Tripartite inspection of power plant shutdowns sought
MANILA, Philippines – Power plant shutdowns should be physically inspected by a 3-party panel composed of representatives from government, civil society, and the power sector to prevent collusion attempts by power players.
This is according to Trade Union Congress of the Philippines (TUCP) executive director Louie Corral, who noted the swiftness of the order of Labor Secretary Rosalinda Baldoz for a tripartite inspection of Valenzuela city factories following a massive factory fire that killed at least 72. (READ: Dire conditions found in factories around Kentex)
Corral said such inspections should be preventive rather than reactive across industries, not just in manufacturing.
He urged the Office of the President to allow consumers to be represented in the inspection of outages in power plants.
In a recent interview, the trade unionist said such a move would disable the artificial inflation of power rates. Corral cited the alleged jacked up prices of power distribution firm Manila Electric Company (Meralco), when it bought supply from the Wholesale Electricity Spot Market (WESM).
The whopping P4.15 per kilowatt hour (kWh) power rate increase became controversial in 2014 as Meralco was forced to source its power requirements from the WESM, which is subject to volatile prices. The Supreme Court has since issued a temporary restraining order on the price hike. (READ: SC extends TRO on Meralco rate hike indefinitely)
Bulk of the rate increase was due to generation charges or the cost of producing the electricity, which generation companies collect from power distribution firm Meralco. Meralco, in turn, passes on this cost to consumers.
The power distributor had to source power from WESM due to the scheduled maintenance shutdown of its main power source, the Malampaya gas field.
Meralco also had to contend with the simultaneous outages of the power plants it had existing power supply agreements with. These outages coincided with that of Malampaya which, Meralco explained, led to the record-high increase.
Meralco was accused before the High Court of inflating charges by selling to WESM at ceiling price the power it already bought from power generation company Therma Mobile Inc.
Meralco countered that it was merely a victim of WESM's must-offer rule and of arbitrary bids that messed up pricing.
Corral told Rappler the tripartite inspection will partly address power shortages caused by the deliberate withholding of power supply by generation companies, noting the dubious simultaneous outages.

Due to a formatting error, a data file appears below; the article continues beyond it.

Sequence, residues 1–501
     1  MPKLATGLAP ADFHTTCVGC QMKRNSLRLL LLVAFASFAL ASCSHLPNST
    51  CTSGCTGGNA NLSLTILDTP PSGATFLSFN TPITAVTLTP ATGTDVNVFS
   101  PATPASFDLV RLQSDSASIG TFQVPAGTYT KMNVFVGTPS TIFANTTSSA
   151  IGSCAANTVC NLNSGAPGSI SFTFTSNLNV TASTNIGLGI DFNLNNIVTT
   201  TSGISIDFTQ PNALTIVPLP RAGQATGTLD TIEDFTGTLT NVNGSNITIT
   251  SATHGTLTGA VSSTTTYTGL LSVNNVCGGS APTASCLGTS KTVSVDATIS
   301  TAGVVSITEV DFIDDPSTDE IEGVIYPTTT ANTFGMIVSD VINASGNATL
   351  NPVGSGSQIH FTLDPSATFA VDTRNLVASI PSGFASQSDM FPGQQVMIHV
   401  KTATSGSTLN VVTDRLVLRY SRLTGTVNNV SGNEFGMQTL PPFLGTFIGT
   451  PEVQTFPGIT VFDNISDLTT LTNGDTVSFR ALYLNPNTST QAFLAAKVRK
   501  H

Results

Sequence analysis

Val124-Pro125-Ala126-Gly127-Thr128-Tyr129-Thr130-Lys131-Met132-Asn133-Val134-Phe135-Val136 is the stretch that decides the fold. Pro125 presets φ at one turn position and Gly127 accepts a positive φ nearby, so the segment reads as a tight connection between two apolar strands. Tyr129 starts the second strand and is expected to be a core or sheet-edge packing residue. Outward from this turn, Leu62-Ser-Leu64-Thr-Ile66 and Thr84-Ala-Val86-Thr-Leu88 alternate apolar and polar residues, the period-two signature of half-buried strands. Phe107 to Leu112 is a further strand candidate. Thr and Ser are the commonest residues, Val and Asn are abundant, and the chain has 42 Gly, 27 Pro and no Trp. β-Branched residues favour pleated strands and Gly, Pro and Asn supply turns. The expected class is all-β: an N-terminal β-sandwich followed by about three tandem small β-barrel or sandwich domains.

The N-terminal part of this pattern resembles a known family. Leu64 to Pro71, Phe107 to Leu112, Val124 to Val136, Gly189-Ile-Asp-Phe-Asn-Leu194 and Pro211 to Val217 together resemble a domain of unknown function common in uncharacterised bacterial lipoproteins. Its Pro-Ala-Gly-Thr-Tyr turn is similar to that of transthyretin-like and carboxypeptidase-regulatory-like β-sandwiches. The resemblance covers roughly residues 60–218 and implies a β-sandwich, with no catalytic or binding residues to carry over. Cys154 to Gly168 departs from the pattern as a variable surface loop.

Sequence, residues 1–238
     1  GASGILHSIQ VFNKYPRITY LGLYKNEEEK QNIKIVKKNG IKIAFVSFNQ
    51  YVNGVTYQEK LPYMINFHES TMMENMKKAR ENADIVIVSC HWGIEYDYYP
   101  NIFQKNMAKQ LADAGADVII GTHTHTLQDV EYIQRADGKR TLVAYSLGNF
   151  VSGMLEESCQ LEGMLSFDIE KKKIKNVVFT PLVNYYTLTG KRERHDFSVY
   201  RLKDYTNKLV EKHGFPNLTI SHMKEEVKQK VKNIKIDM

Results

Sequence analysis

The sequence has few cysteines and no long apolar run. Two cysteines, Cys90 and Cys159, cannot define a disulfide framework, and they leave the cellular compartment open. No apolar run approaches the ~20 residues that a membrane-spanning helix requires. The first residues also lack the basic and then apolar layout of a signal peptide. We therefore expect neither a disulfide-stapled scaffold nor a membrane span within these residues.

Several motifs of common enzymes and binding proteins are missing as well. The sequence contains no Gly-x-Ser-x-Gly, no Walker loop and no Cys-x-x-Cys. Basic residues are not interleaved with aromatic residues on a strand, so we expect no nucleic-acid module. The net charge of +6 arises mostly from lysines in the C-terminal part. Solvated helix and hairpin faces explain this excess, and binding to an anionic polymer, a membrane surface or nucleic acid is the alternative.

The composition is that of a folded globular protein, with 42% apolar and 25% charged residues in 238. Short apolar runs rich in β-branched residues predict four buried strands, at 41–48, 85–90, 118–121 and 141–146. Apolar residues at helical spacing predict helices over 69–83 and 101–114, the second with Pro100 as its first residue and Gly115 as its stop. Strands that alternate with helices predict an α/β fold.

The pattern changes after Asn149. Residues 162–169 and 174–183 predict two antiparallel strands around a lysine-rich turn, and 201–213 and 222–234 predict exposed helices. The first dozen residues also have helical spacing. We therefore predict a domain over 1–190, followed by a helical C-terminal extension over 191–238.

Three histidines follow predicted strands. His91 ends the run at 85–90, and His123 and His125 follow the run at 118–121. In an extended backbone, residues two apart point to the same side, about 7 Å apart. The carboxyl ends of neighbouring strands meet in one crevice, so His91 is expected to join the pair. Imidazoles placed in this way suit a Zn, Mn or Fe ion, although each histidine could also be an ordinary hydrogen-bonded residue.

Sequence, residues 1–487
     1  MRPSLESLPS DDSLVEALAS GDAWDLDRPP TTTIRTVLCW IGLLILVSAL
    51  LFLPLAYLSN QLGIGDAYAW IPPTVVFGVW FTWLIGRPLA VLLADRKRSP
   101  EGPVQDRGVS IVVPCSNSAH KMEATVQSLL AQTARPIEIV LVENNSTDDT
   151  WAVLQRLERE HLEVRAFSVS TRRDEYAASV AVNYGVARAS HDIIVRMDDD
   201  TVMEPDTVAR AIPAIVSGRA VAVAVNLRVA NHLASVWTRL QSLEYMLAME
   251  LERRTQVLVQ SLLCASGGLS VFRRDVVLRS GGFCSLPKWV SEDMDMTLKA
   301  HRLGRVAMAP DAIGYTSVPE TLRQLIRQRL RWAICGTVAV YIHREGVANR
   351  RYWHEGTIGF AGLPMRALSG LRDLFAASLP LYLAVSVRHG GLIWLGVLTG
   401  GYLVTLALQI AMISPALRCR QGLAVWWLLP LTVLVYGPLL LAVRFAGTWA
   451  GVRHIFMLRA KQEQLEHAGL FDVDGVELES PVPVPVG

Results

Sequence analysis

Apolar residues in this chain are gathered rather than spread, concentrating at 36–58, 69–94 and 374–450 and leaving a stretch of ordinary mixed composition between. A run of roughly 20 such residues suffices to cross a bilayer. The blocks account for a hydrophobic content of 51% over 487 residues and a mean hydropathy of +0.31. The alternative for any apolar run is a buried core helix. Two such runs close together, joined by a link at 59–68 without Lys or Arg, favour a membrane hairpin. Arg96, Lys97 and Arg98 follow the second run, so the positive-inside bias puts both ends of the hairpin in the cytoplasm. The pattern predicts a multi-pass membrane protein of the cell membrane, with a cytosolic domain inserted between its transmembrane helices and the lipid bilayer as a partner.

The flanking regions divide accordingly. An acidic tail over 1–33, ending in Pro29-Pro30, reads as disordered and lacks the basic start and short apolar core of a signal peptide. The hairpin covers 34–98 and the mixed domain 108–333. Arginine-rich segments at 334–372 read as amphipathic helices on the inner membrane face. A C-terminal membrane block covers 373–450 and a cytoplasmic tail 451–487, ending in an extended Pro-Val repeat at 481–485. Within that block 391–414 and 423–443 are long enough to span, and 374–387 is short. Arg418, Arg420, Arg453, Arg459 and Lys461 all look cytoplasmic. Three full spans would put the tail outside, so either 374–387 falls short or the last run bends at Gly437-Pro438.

Physical inspection of the plants are a must during shutdowns to avoid reliance on mere paper work, he added.
He stressed the importance of stable power supply and low power rates in attracting foreign investors and ensuring the competitiveness of local businesses.
Tripartite inspection instead of joint assessments?
TUCP also urged tripartite inspections in the manufacturing industry to replace the current framework of joint assessments under the Labor Laws Compliance System (LLCS).
Under the LLCS, workplaces are jointly assessed by a labor law compliance officer from the labor department, a representative from among the workers in that workplace, and the employer or his or her representative.
TUCP spokesperson Alan Tanjusay said the workers' representative would necessarily be afraid to reveal any labor standards violations for fear of losing his or her job. He said the workers' representative should be a trade unionist instead, with no employer-employee relationship to the company being assessed.
In a statement Wednesday, June 24, TUCP claimed that compliance officers and labor leaders were offered bribes during the DOLE-ordered tripartite inspections in Valenzuela. Employers reportedly offered cash in an attempt to expedite the assessment and be granted a compliance certificate.
Tanjusay said the government needs to come up with an additional mechanism to deal with bribery under the LLCS.
Calls to overhaul the LLCS intensified in the aftermath of the fire that killed 72 people in the two-storey footwear factory of Kentex Manufacturing in Valenzuela City in May.
The deadly Kentex factory blaze is seen as a setback for the Philippine manufacturing industry, an industry that draws foreign investors partly due to cheap labor.
Corral argues that the way to attract investors should be through lower utility costs and upgraded skills of workers, instead of lax labor standards and low pay. – Rappler.com